Hart's Rules for Compositors and Readers at the University Press, Oxford—today published under the short title New Hart's Rules—is an authoritative reference book and style guide published in England by Oxford University Press (OUP). Hart's Rules originated as a compilation of best practices and standards by English printer and biographer Horace Hart over almost three decades during his employment at other printing establishments, but they were first printed as a single broadsheet page for in-house use by the OUP in 1893 while Hart's job was controller of the university press. They were originally intended as a concise style guide for the staff of the OUP, but they developed continuously over the years, were published in 1904, and soon gained wider use as a source for authoritative instructions on typesetting style, grammar, punctuation, and usage.
Lexico is a website that provides a collection of dictionaries of English and Spanish produced by Oxford University Press (OUP), the publishing house of the University of Oxford. While the dictionaries on Lexico are made solely by OUP, the website is owned by Dictionary.com, whose eponymous website hosts dictionaries by other publishers such as Random House.
The Benezit Dictionary of Artists is an extensive publication of bibliographical information on painters, sculptors, designers and engravers created primarily for art museums, auction houses, historians and dealers. It was published by Éditions Gründ in Paris but has been sold to Oxford University Press.
Répertoire International de Littérature Musicale, commonly known by its acronym RILM, is a nonprofit organization that offers digital collections and advanced tools for locating research on all topics related to music. Its mission is “to make this knowledge accessible to research and performance communities worldwide….to include the music scholarship of all countries, in all languages, and across all disciplinary and cultural boundaries, thereby fostering research in the arts, humanities, sciences, and social sciences.” Central to RILM's work and mission is the international bibliography of scholarship relating to all facets of music research.
Encyclopedia of Aesthetics, published in 1998 by Oxford University Press, is an encyclopedia that covers philosophical, historical, sociological, and biographical aspects of Art and Aesthetics worldwide. The second edition (2014) is now available online as part of Oxford Art Online.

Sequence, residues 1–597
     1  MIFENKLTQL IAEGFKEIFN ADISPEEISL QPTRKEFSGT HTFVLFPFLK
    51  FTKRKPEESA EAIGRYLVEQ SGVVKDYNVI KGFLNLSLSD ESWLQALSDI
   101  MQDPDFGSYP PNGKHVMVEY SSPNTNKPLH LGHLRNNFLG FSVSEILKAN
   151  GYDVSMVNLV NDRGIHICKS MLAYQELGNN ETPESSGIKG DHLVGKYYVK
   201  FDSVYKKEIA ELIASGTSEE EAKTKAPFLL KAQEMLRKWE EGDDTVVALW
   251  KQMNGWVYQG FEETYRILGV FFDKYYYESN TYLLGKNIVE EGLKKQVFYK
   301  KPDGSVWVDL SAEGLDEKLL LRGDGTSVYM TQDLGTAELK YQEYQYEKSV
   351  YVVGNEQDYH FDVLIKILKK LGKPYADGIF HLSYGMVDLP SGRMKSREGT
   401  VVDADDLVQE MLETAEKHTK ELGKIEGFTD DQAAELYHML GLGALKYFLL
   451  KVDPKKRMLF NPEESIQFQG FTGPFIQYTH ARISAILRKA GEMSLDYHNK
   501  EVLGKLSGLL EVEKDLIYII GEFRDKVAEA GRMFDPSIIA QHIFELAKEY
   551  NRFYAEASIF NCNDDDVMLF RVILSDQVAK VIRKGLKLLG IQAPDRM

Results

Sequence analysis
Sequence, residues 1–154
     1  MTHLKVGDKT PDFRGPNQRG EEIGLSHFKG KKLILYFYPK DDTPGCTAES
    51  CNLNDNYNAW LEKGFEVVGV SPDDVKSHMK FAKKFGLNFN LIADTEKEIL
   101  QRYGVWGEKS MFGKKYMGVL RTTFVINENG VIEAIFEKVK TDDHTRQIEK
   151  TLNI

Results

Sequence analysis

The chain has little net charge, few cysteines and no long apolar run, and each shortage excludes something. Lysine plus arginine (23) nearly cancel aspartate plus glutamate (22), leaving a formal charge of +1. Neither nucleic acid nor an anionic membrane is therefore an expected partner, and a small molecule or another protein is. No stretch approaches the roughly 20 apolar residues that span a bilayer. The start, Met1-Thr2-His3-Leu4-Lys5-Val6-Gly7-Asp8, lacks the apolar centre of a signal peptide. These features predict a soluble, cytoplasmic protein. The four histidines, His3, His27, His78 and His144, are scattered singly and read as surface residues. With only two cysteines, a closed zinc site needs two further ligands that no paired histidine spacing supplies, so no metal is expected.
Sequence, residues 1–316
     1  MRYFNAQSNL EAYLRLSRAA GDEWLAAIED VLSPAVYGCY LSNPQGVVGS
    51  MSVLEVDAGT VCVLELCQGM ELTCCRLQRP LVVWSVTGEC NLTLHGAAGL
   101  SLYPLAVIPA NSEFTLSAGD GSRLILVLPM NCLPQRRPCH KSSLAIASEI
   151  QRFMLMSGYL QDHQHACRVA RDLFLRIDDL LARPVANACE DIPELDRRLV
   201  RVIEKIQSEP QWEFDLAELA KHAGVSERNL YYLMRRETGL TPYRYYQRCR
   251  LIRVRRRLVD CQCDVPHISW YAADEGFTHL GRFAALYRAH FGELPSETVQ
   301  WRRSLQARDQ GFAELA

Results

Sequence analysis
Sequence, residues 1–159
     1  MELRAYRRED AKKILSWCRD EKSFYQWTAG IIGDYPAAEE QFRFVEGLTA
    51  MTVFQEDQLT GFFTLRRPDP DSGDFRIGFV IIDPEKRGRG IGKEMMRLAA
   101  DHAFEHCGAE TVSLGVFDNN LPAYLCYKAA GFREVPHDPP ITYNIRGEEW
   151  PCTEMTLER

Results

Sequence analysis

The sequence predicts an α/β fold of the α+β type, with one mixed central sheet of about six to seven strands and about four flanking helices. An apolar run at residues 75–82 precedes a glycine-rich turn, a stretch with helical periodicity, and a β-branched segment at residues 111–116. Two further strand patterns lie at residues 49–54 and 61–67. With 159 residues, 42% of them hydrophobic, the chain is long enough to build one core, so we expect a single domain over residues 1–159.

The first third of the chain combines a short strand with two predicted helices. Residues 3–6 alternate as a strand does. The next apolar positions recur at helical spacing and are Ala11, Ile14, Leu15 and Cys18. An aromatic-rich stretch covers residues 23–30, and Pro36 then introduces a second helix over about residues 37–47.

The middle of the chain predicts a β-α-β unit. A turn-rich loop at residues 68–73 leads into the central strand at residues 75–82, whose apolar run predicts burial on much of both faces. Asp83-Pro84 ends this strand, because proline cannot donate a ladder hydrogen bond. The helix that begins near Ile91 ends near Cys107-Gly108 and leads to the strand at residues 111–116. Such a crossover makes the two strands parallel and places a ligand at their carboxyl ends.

The Max Planck Encyclopedia of Public International Law (MPEPIL) is an online encyclopedia dealing with international law. It is published under the auspices of Professor Rüdiger Wolfrum, Director of the Max Planck Institute for Comparative Public Law and International Law. The initiative to compile the MPEPIL began in 2004 and the online version launched in September 2008. It represents a new edition of the Encyclopedia of Public International Law published between 1991 and 2001 by Rudolf Bernhardt. In February 2012, the print edition was published by Oxford University Press. The encyclopedia is peer reviewed.
Microsoft Encarta was a digital multimedia encyclopedia published by Microsoft Corporation from 1993 to 2009. Originally sold on CD-ROM or DVD, it was also available on the World Wide Web via an annual subscription, although later articles could also be viewed for free online with advertisements. By 2008, the complete English version, Encarta Premium, consisted of more than 62,000 articles, numerous photos and illustrations, music clips, videos, interactive content, timelines, maps, atlases and homework tools.
The Encyclopedia of Chicago is a historical reference work covering Chicago and the entire Chicago metropolitan area published by the University of Chicago Press. Released in October 2004, the work is the result of a ten-year collaboration between the Newberry Library and the Chicago Historical Society. It exists in both a hardcover print edition and an online format, known as the Electronic Encyclopedia of Chicago. The print edition is 1117 pages and includes 1400 entries, 2000 biographical sketches, 250 significant business enterprise descriptions, and hundreds of maps. Initially, the internet edition included 1766 entries, 1000 more images and sources.
The Dictionary of Australian Artists (DAA) was the outcome of a project begun in the 1970s at the University of Sydney under the leadership of Bernard Smith and funded by the Australian Research Council. Its development was continued after his retirement in 1981 by Joan Kerr (1938–2004), who brought a new standard of inclusivity to a work that had concentrated on mainstream figures.
Librairie Gründ, also known as "Les éditions Gründ " is a French publishing company. It was started in 1880 by Ernest Gründ and Émile Maguet as a bookstore in Paris in 1880, specialising in works about art.
Oxford Art Online is an Oxford University Press online gateway into art research, which was launched in 2008. It provides access to several online art reference works, including Grove Art Online, the online version of the Benezit Dictionary of Artists, and The Oxford Companion to Western Art. It also provides access to other Oxford art reference works, including the Encyclopedia of Aesthetics, and The Concise Oxford Dictionary of Art Terms. The site was updated on 1 December 2017 to enhance page design, search tools, linking, and media capabilities.